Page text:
6. It is now necessary to mention how the Additional District judge has dealt with the question in issue. As far as the ground of cruelty is concerned, be has held that the Hindu Marriage Act, has been amended in 1976. The ground of cruelty is now different and has become a ground of divorce. thereforee, it has been-held that S. 11 of the Civil P.C. does not apply. On the question of desertion, it has been held that according to the pleadings desertion took place in May, 1963 and hence even when the earlier petition for divorce was filed this could have been a ground. Hence, it has been held that this ground is barred by constructive rest judicata.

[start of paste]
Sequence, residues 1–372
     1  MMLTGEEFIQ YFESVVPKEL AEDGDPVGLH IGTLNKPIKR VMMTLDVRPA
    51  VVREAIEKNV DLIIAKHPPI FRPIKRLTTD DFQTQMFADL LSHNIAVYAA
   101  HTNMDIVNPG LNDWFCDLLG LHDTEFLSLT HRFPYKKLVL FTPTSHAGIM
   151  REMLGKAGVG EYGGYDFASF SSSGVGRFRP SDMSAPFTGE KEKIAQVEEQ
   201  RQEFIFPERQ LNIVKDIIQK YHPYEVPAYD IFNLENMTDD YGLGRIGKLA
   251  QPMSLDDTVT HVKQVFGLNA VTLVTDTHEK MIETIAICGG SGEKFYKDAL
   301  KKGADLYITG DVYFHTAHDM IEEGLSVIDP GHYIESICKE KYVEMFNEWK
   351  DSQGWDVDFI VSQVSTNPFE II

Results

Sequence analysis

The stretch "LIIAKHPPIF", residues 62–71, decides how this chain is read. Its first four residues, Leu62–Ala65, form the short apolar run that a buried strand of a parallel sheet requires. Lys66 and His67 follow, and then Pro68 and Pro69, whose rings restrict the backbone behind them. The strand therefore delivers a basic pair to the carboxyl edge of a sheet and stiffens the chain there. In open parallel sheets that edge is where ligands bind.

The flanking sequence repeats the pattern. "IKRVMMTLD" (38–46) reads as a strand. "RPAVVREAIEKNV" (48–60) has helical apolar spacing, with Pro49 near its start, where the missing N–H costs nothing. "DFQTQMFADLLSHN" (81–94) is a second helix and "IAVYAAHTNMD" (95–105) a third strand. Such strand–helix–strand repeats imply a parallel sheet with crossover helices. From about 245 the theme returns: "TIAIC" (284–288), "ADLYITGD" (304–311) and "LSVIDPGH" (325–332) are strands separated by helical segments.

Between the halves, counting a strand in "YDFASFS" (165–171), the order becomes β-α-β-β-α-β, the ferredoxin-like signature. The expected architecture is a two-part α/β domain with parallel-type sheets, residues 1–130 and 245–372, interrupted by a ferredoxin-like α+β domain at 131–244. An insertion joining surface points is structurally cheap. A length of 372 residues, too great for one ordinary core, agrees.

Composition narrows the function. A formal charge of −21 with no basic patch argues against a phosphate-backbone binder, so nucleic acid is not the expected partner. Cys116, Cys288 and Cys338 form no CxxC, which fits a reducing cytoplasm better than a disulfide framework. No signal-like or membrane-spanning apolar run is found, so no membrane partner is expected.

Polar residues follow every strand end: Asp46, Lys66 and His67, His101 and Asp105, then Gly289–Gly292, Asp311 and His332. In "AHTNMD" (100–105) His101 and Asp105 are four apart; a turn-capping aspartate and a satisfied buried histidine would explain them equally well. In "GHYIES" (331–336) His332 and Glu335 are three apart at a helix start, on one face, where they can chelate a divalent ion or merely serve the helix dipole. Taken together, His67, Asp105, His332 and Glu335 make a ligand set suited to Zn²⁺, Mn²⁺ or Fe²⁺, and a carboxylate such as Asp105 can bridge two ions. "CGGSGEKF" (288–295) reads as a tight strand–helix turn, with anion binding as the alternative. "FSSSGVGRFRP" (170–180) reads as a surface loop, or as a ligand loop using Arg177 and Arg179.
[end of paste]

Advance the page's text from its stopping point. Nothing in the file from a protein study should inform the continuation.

7. I have beard learned counsel for both parties and have considered the question carefully. The question of rest judicata has to be decided in this case keeping in view the fact that the Hindu Marriage Act, 1955 has been drastically amended by Act 68 of 1976. The grounds of divorce appearing in the Act as originally passed did not include a ground permitting divorce if cruelty was proved. However, judicial separation could be ordered if it was proved that the respondent had treated the petitioner with such cruelty as to cause a reasonable apprehension in the mind of the petitioner that it would be harmful or injurious for the petitioner to live with the other party. In order to get judicial separation, the previous law required proof of cruelty and also proof that such cruelty would be harmful or injurious or at least, it should so be apprehended by the petitioner seeking the order of the Court. The amendment is that cruelty is no longer a ground for judicial separation, but it is a ground for divorce under S. 13. Moreover the ground as appearing in the Act now is: 'has after the solemnization of the marriage, treated the petitioner with cruelty'. The present wording of the ground is obviously very different. Now, cruelty without any apprehension in the mind is sufficient. Also any cruelty after the solemnization of the marriage may be enough. Obviously, the present ground is much wider and easier to establish than the ground which originally appeared as a ground for judicial separation. Probably, the intention of the amendment was to make divorce easier. Similar changes have also been made in other countries gradually and divorce has been made easier and easier so that there may be in the laws of various countries a stage where no divorce is permissible and progressively a more liberal attitude in the matter of divorce has come to prevail, making it easier for the Court to grant divorce. The changes introduced by the Hindu Marriage Act (Amendment of 1976) is an example of divorce being liberalised. In 1955, cruelty in itself was a ground for judicial separation, whereas it has now become a ground for divorce. Thus. I am in full agreement with the Additional District judge that the principle of rest judicata cannot be made available to the present case, because the ground is different. Even if the ground was the same, I am of the view that rest judicata would only apply if the facts were also identical. Thus, it may be that the act complained of in 1965 which was held to be not sufficient to award judicial separation may be coupled with later facts so as to establish the ground. Although the judgment recorded by Shri S.C. Jain, Subordinate judge 1st Class would be of value in determining the facts or relationship between the parties up to the date of the decision and must be taken into consideration, it would not in my view, be conclusive about the question whether cruelty had been established in the year 1977. In a continuous relationship like marriage, there is bound to be a change and alteration in the relationship between the parties from time to time. Hence, the principle of rest judicata can only be made applicable in very exceptional cases. Of course, if there has been no alteration, in the situation for all these years, then possibly rest judicata might be invoked. As in this case, the law itself has changed and so also the ground and its legal requirements. this discussion is merely academic. I am quite clear that as far as this me is concerned, no rest Judicata is available on the question of cruelty. I uphold the decision of the Additional District judge on this point.